Visitors to the University of Nebraska State Museum will soon be able to experience Nebraska and natural history in entirely new ways because of major enhancements in store for the iconic museum at the University of Nebraska-Lincoln.
The museum has announced plans for an $11.4 million privately funded redevelopment that will add new exhibit space with the theme "Cherish Nebraska." It will showcase the evolution of life and natural systems of the region through exhibits on geology, paleobiology, parasitology, weather and climate, and Nebraska biodiversity and ecosystems past and present. Many of the exhibits will include hands-on activities.
After being closed to the public for more than 50 years, the fourth level of the historic 1920s-era Morrill Hall will be transformed into state-of-the-art exhibits using modern technology. Preliminary plans include the installation of interactive science exhibits that will be on par with other leading museums and expand educational opportunities for visitors of all ages. The redevelopment will provide nearly 20 percent more exhibit space in Morrill Hall for visitors to explore.
The project will be funded entirely with private donations and represents the largest-ever private investment in the museum. The University of Nebraska Foundation has so far received leadership gift commitments of $8.5 million in support of the initiative provided by the Theodore F. and Claire M. Hubbard Family Foundation, the Claire M. Hubbard Foundation and Ruth and Bill Scott.
In addition, Mark and Diann Sorensen of North Platte, longtime museum benefactors and co-chairs of the museum’s last fundraising campaign, have established a fund designated for the fourth-floor project. The Friends of the University of Nebraska State Museum have also pledged support.
The gift commitment from Ruth and Bill Scott is a $3 million challenge grant for the initiative, which will be awarded once the remaining $2.9 million is donated by other individuals and organizations to help completely fund the project.
"This redevelopment represents the next great renewal of the state museum, and we are tremendously grateful to the museum’s generous benefactors for making this project a reality," said director Priscilla Grew. "This project will transform Morrill Hall into a completely unified museum building and the fourth floor will feature all new exhibits of a standard comparable to those at the Smithsonian."
Preliminary plans call for construction to begin in 2016 with a public opening planned for 2018.
"The State Museum’s research collection of mammal fossils and that of the American Museum of Natural History in New York are ranked as the top two collections in the country," Grew said. "Our parasitology collection ranks second only to the Smithsonian. The new space will allow us to showcase the latest research and highlight amazing animals of Nebraska’s fossil past that are not now included in the other floors of Morrill Hall. In the new parasitology gallery, visitors will engage in a simulated lab experience showing how science is conducted in the museum’s research laboratories."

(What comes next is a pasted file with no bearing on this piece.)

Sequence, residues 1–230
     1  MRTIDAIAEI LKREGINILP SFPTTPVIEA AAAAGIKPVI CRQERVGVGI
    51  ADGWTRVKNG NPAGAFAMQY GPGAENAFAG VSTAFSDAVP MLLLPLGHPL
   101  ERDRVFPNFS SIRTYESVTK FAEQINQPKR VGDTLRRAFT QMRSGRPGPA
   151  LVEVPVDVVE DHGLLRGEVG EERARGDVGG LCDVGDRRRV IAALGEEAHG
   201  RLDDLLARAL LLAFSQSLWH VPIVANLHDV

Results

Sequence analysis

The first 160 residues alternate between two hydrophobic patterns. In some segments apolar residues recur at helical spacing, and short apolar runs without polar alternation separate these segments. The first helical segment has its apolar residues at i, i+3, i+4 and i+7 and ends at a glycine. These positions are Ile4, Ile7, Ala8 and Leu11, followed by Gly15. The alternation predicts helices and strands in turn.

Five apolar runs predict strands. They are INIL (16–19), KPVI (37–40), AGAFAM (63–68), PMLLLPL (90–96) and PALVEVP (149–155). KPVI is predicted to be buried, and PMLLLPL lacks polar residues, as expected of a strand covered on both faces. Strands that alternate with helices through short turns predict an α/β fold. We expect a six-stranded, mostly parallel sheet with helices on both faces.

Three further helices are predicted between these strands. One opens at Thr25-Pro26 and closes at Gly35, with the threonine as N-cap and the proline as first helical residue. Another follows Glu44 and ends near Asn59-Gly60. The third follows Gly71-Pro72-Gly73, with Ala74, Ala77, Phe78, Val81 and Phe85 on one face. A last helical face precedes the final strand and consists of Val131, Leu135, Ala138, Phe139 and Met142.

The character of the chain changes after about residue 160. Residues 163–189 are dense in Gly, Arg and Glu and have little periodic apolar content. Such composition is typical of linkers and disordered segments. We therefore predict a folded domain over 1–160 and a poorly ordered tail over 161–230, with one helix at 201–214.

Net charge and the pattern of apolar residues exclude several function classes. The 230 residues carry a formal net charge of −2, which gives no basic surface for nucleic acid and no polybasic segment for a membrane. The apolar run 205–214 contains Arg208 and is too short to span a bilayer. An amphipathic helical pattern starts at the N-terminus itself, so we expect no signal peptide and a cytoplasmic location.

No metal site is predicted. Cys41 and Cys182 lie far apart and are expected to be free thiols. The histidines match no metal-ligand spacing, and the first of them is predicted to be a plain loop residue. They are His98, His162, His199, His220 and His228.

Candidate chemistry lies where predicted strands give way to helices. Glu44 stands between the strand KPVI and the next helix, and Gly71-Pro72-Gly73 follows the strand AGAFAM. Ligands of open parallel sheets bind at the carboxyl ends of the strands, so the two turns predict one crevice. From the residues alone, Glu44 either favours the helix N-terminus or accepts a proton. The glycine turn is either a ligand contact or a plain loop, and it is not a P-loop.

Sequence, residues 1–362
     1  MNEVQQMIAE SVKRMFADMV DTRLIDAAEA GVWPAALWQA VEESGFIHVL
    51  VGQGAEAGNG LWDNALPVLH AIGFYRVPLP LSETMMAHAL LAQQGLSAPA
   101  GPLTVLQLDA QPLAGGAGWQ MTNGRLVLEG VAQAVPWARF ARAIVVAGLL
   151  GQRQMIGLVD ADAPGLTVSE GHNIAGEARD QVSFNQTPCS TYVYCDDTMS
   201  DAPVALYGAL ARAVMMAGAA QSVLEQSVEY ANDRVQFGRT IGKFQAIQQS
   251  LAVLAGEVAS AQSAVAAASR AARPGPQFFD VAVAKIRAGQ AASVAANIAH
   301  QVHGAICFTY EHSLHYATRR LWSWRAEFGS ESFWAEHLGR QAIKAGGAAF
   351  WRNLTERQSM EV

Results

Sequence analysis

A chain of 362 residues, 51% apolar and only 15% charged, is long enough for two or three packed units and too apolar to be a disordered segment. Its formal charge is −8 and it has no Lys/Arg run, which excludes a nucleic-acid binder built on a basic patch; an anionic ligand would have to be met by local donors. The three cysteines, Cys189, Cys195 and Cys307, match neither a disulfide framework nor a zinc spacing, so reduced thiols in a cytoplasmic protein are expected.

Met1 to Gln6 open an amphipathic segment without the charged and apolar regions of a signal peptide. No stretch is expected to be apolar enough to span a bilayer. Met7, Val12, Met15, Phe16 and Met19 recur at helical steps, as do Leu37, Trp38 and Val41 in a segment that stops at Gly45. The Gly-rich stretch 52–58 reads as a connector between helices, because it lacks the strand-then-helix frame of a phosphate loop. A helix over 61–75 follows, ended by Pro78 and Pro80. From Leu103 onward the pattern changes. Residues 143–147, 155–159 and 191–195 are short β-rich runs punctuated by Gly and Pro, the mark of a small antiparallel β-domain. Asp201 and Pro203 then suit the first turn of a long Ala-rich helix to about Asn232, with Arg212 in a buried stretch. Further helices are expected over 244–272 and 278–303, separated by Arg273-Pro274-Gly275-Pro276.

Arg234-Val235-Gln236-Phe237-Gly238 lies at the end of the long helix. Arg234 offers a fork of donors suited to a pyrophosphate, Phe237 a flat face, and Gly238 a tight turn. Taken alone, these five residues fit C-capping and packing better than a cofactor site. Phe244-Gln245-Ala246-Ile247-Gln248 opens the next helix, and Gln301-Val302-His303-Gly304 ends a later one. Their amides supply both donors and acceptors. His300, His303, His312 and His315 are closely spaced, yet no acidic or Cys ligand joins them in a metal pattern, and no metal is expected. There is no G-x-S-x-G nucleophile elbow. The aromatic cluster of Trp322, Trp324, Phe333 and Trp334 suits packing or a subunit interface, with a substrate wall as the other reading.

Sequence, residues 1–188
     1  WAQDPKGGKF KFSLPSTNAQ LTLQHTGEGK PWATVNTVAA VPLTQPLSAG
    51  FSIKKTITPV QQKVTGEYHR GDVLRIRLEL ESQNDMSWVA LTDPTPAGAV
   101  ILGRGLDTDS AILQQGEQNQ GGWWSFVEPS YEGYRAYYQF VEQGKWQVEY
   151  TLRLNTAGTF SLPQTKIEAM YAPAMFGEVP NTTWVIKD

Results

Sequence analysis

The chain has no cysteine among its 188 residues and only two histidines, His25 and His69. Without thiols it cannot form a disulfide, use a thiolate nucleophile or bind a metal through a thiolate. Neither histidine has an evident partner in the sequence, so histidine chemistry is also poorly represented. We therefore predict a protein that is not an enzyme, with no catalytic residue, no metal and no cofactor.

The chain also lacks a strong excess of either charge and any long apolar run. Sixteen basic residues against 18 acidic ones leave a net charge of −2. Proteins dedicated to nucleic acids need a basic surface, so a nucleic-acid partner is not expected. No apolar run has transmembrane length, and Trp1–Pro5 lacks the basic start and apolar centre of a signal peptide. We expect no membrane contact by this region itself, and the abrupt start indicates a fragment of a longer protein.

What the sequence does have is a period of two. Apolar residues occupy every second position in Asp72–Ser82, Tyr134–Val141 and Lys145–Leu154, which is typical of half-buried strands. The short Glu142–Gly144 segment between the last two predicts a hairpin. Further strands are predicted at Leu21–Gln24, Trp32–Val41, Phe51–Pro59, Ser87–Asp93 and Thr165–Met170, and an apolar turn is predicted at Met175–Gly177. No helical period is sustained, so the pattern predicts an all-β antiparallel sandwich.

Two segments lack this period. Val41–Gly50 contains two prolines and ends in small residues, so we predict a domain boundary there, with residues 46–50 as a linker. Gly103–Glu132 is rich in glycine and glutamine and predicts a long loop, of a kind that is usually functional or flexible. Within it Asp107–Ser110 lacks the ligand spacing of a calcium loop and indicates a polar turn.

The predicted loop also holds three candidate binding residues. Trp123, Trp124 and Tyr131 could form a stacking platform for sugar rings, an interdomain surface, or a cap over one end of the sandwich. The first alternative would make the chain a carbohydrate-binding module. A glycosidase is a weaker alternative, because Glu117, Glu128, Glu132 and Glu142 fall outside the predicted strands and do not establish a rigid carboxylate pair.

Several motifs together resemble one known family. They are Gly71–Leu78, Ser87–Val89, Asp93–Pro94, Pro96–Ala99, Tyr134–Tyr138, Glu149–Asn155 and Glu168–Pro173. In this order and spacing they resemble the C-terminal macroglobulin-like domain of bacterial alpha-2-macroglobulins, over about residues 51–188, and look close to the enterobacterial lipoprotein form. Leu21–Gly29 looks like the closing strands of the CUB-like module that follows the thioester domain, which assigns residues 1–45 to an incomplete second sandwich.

The redevelopment will also include a working paleontology laboratory for UNL researchers with an observation window for visitors.
"Redeveloping and opening the museum’s fourth floor is a long-standing priority to enhance the learning experience for our museum visitors," said Prem S. Paul, vice chancellor for research and economic development. "The educational opportunities will help translate research at UNL for Nebraskans and expand their understanding of the state’s resources and natural history."
Like other areas of the museum, the new exhibit space will become a platform for distance learning, using two-way videoconferencing technology to help take the museum into classrooms across the state.
"We are especially excited about partnering with Nebraska’s zoos, parks and natural areas with the new indoor-outdoor connections we can make with two-way live video," Grew said. "This will enhance the Morrill Hall visitor experience and enable us to share our gallery resources with statewide audiences."
As part of the redevelopment plan, an area on the roof will be added to accommodate updated heating and air-conditioning systems and electrical equipment. Restrooms and office support spaces will also be upgraded, and the museum will be equipped with a new fire suppression system.
The University of Nebraska Board of Regents approved the program statement and plans for the redevelopment at its June 12 meeting.
Since its dedication in 1927, Morrill Hall has served as the home for the University of Nebraska State Museum of Natural History. The first, second and third levels of the building have been used for museum exhibits as well as administrative offices and the Mueller Planetarium. Last renovated in 1963, the fourth level has been home to offices, classrooms and laboratory space.
Established in 1871, the University of Nebraska State Museum is the state’s premier museum of natural history and has a statewide mission to engage in research, teaching and public outreach. The museum is focused on promoting discovery in natural science, fostering scientific understanding and interpretation of the Earth’s past, present and future and enhancing stewardship of the natural and cultural heritage of Nebraska through world-class exhibits, collections and special events. The museum is accredited by the American Alliance of Museums and became a Smithsonian Affiliate Museum in 2014. For more information, go to http://museum.unl.edu.